Latest soundcloud audio for my ABC Radio pop culture segment with Leon Compton on 936 ABC Hobart. This week I’m talking about the dangers and pleasures of binge watching TV.
As mapped out in this article there has been a dramatic increase in the number of serialised, as opposed to episodic, tv shows. giving rise to phenomenon such as binge watching or hate watching – that is, watching shows because you enjoy mocking them.
Hate watching is an unuseual viewing habit that also includes those die-hard fans who love the show but may dislike the current season still insisting on desperately watching in the hope for an improvement in quality or final resolution. This is not to be confused with guilty pleasure, as the wikipedia and PopWatch survey of watching patterns points out, which is often occasional viewing, rather than the religious viewing of a hate watcher.
But, let’s leave hate-watching aside for a future chat and instead look at the buzz word ‘binge watching. This term has been around for some time now, but some recent examples include:
- House of Card or the latest season of Arrested Development where all the episodes in a seasons were available at the same time to watch when it launched on Netflix.
- The recent Simpsons marathon of all 552 episodes to date which lasted for 12-days of continuous Simpsons episodes. And resulted in the FXX cable channel which screened it going to the top ranks of most viewed channels during that period .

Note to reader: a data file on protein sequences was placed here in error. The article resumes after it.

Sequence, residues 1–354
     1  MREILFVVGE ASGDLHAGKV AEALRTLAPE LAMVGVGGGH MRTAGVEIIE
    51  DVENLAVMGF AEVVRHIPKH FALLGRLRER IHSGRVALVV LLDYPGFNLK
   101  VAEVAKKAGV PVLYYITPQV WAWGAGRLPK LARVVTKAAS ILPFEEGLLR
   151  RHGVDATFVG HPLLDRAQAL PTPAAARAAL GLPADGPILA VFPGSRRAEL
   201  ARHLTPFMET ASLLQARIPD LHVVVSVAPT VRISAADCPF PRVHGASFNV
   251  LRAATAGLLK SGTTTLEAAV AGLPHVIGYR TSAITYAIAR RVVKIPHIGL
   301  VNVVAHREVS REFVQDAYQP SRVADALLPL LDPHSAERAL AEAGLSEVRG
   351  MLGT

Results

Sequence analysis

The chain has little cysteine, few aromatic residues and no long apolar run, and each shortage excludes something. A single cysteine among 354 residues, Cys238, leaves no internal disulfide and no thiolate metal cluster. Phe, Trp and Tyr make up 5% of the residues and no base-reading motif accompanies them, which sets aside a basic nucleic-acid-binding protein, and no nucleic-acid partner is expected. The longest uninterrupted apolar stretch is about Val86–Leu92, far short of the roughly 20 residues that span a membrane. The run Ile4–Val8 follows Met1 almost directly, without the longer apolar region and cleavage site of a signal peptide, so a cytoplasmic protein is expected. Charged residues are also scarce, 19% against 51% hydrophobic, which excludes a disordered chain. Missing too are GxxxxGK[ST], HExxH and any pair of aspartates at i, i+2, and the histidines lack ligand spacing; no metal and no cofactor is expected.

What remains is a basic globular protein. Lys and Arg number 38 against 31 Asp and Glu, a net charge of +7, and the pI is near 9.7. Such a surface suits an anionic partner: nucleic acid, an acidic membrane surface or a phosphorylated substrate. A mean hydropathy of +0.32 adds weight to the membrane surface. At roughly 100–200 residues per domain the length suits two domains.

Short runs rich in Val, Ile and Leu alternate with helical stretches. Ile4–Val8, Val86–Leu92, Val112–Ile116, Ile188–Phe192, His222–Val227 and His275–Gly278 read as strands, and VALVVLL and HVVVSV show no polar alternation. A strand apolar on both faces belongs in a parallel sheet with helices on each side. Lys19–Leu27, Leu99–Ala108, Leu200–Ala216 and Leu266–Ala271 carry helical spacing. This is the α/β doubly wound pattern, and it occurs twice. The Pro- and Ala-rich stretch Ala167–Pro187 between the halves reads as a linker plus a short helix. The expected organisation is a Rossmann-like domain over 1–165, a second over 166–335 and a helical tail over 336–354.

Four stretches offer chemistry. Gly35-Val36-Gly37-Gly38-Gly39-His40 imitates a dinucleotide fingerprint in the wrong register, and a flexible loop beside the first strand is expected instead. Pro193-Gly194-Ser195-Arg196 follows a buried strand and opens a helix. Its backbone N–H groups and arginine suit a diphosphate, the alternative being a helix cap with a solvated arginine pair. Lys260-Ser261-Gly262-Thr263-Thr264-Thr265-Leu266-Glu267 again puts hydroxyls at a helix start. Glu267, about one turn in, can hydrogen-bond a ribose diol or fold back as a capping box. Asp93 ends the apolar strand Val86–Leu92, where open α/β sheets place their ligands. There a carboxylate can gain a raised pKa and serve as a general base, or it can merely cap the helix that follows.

- Celebtrities and creatives from the TV industry were also recently involved in an amusing mock health warning about the dangers of binge watching.
Now that we’re coming out of winter, people may have some confessions about binge watching?
Why have these terms around watching everything become more common today and an increasingly common way some people spend their free time
– the complexity of story telling lends itself to more prolonged and sustained viewing habits
– various services and platforms make complete tv shows more available and easy to access (Hulu, Netflix, iTunes, Blu-ray box sets, etc)
– you have to catch up on seasons missed when you’re late coming to a show
– social annoyance of not being able to engage in the conversation around a show you haven’t watched.
– is it like binge eating?
– Do we want some immediate comfort and gratification to revel in an enjoyment and pleasure?
– is it a type of postermodern act, the void left by the loss of the big narratives and stories has left us searching for alternatives big worlds to believe in – maybe we’re finding those on TV today?
– extending this maybe we want to be part of something bigger, to debate and
Possible dangers of binging can be seen in the impact this practice has on conversations. If you’re talking to someone who hasn’t seen all the episodes or series of the show you’re talking about:
– giving away spoilers
– boring conversation of abstract encyclopedic type knowledge
Another interesting question raised by scholars such as Henry Jenkins is, as the generation which grew up with more elaborate media-mix, transmedia franchises like pokemon where the viewer is much more active in playing in the world of the narrative will they require similar multi media entertainment the spreads across various viewing platforms. What will future storytellers be stretching themselves to say in the future?
For further thoughts on going deep into pop culture, listen in to my Pop Cosmopolitan show on Edge Radio streamed here.
Today’s chat (2014-08-28) was with Keira from the MAICON (the Launceston based anime convention) chatting about the upcoming anime convention and the thrills and events that await attendees. For information on MAICon go to their website here.